Four Galileo satellites are “topped off” for Arianespace’s milestone Ariane 5 launch from the Spaceport
Fueling operations have begun with the four Galileo spacecraft to be orbited next month from French Guiana on Arianespace’s first launch that uses its Ariane 5 in deploying Europe’s constellation of navigation satellites.
The fueling activity is now underway in the Spaceport’s S3B payload preparation facility. One of the first to be processed is named “Antonianna,” after an Italian child who won a European Commission Galileo drawing competition – with one winner selected from each member state of the European Union.
Weighing between 715 kg. and 717 kg. each, the quartet of Galileo satellites will have a combined liftoff mass of 2,865 kg., and they will be deployed by Ariane 5 into circular orbit during a mission lasting just under four hours.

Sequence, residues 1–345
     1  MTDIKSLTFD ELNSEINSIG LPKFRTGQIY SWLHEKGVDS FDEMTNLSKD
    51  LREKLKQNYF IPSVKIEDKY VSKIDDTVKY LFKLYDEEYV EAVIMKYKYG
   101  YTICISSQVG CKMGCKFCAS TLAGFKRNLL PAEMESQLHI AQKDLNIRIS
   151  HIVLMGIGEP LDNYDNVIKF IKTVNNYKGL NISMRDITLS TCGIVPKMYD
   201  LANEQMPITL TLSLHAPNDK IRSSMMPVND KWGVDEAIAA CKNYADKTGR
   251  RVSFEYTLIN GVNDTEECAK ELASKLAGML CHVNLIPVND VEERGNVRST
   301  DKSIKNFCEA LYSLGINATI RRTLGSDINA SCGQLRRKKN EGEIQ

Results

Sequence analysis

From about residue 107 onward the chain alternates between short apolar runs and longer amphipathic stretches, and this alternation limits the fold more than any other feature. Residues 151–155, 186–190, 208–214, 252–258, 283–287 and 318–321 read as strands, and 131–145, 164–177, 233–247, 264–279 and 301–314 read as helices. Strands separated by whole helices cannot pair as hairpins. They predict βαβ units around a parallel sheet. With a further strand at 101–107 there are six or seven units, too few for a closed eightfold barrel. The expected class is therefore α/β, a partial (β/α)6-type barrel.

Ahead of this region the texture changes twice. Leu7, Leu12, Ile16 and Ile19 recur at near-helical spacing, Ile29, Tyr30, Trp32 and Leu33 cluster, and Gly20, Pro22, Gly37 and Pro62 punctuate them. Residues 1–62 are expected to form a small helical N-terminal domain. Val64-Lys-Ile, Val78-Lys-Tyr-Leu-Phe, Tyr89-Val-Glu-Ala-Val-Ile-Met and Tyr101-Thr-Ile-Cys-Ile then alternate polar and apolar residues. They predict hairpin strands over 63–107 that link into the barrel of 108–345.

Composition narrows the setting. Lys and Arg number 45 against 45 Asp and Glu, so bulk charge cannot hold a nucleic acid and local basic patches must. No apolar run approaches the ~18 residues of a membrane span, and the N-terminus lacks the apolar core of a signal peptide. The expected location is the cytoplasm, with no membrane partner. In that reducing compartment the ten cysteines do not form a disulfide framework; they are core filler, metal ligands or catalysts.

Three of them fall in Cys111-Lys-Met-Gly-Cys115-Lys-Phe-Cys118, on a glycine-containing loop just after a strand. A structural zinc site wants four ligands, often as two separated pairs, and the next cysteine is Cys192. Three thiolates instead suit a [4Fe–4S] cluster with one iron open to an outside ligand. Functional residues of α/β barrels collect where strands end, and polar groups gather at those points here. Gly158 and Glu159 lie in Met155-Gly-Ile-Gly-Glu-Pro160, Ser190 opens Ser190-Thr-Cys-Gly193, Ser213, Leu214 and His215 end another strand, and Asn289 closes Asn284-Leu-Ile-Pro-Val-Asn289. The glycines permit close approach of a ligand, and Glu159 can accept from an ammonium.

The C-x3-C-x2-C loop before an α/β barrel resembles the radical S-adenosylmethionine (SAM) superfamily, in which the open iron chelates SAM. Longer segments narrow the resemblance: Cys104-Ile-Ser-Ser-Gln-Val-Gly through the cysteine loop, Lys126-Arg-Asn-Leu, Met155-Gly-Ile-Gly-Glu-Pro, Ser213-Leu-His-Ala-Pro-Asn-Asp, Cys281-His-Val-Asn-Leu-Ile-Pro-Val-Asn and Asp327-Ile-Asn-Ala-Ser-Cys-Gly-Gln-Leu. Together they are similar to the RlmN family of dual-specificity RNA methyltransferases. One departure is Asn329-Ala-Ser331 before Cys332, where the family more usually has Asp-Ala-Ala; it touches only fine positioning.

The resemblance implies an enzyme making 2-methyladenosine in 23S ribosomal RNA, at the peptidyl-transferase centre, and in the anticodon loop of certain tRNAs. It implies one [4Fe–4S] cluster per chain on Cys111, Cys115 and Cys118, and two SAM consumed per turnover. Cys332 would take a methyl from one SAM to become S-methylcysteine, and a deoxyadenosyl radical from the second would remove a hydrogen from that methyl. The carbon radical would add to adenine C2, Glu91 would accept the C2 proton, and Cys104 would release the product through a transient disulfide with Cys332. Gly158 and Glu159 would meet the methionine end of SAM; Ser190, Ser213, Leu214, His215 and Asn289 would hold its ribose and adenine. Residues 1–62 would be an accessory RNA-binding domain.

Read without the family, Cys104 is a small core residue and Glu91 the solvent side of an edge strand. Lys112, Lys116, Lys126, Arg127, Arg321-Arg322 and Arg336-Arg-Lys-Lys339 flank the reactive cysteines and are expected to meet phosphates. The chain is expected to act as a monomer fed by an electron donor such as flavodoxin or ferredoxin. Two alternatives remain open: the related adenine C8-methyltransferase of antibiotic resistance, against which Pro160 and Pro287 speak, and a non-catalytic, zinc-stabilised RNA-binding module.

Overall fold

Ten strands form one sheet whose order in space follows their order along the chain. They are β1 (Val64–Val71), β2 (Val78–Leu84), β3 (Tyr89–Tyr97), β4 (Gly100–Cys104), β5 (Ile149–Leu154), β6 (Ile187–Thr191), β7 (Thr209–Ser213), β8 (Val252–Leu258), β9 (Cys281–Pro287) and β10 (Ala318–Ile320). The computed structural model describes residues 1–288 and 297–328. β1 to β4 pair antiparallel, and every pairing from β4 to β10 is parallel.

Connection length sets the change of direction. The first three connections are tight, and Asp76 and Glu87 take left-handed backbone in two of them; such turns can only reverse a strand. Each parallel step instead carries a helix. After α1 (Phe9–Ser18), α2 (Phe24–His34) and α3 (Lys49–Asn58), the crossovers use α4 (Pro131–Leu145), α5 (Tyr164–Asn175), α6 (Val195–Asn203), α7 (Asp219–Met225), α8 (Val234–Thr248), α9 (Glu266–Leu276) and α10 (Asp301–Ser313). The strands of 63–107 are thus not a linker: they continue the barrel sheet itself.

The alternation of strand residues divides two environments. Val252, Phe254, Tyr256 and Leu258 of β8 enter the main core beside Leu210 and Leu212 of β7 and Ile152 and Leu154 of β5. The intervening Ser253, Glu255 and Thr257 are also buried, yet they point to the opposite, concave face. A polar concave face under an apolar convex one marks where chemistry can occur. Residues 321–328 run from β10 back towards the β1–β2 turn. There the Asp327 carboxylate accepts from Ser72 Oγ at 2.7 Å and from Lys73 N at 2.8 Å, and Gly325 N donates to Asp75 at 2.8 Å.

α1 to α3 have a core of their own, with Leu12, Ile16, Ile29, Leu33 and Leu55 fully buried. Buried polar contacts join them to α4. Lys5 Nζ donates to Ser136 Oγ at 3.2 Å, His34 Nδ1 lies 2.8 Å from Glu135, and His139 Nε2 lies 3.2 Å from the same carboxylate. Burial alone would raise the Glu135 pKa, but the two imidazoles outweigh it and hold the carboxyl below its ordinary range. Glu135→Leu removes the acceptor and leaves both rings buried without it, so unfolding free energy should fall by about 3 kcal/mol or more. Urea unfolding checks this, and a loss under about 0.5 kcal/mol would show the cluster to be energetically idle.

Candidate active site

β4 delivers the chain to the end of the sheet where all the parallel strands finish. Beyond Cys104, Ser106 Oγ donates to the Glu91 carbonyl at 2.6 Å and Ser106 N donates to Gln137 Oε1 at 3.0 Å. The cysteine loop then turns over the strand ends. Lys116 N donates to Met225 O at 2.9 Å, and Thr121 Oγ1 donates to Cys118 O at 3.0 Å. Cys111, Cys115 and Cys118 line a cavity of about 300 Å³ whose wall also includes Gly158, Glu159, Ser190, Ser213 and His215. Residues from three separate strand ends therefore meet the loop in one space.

A morning Ariane 5 launch from the Spaceport
The Ariane 5 launch, designated Flight VA233 in Arianespace’s numbering system, is set for a morning departure from the Spaceport on November 17 at an exact liftoff time of 10:06:48 a.m. in French Guiana (13:06:48 Universal Time – UTC).
The Galileo satellite named after “Antonianna,” an Italian child who won a European Commission Galileo drawing competition, is prepared for fueling in the Spaceport’s S3B payload processing facility.
Flight VA233 will mark Arianespace’s first use of its heavy-lift Ariane 5 to loft Galileo satellites, following seven previous missions with the company’s medium-lift Soyuz. The Soyuz vehicles carried a pair of Galileo spacecraft on each flight, delivering a total of 14 navigation satellites into orbit since 2011.
Galileo is an important infrastructure program for Europe, creating a civil global satellite navigation system that provides highly accurate positioning with great precision and reliability.
This program is funded and owned by the European Union, with overall responsibility for management and implementation held by the European Commission. The European Space Agency has been assigned design and development of the new generation of systems and infrastructure for Galileo.
OHB System in Bremen, Germany built the rectangular-shaped satellites, which are sized at 2.7 x 1.2 x 1.1 meters, with their navigation payloads provided by Surrey Satellite Technology in the United Kingdom.